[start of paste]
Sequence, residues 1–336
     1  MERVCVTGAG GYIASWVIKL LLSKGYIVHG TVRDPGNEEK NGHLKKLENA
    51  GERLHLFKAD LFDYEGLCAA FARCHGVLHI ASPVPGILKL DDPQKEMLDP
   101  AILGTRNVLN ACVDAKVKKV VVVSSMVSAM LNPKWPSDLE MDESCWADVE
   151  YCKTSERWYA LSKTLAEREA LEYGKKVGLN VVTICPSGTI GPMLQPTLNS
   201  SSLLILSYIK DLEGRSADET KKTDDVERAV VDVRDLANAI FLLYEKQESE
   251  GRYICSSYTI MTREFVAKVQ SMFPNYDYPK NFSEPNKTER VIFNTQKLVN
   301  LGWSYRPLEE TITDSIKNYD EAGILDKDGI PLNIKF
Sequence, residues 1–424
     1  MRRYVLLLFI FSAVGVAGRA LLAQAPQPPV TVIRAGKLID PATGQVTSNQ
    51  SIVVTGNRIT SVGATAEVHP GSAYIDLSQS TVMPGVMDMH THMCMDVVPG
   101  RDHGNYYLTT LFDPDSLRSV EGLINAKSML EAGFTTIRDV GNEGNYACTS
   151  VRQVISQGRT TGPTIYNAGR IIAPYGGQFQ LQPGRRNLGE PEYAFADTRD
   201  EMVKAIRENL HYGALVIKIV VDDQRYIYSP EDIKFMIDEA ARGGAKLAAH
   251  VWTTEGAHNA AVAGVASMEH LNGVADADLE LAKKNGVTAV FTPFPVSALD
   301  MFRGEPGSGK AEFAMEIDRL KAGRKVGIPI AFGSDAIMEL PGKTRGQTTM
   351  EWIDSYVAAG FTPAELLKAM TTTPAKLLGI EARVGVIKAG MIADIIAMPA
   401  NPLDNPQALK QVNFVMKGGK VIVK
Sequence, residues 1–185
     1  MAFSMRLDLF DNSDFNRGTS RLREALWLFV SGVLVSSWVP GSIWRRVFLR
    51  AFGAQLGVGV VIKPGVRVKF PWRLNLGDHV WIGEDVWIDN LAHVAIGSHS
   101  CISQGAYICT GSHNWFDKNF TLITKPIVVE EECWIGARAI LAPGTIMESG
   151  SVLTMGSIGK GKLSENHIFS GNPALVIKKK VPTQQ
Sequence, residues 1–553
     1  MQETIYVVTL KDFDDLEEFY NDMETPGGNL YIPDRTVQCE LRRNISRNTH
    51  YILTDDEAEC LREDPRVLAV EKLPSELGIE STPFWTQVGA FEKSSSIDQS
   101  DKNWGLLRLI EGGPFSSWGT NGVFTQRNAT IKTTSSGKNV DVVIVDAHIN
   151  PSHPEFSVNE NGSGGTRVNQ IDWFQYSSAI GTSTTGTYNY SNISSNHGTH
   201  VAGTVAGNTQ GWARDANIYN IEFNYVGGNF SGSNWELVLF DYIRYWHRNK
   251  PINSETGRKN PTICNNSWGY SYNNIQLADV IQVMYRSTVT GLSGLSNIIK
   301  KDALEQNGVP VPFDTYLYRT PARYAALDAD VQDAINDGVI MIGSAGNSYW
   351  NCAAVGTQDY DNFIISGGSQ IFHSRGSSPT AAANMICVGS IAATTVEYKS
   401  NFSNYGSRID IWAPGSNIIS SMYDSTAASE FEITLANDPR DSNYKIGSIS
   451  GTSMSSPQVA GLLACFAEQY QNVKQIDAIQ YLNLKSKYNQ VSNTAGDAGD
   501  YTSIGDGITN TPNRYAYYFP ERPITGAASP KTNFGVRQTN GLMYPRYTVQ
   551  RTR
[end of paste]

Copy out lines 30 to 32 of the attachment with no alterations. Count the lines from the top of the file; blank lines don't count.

   251  PINSETGRKN PTICNNSWGY SYNNIQLADV IQVMYRSTVT GLSGLSNIIK
   301  KDALEQNGVP VPFDTYLYRT PARYAALDAD VQDAINDGVI MIGSAGNSYW
   351  NCAAVGTQDY DNFIISGGSQ IFHSRGSSPT AAANMICVGS IAATTVEYKS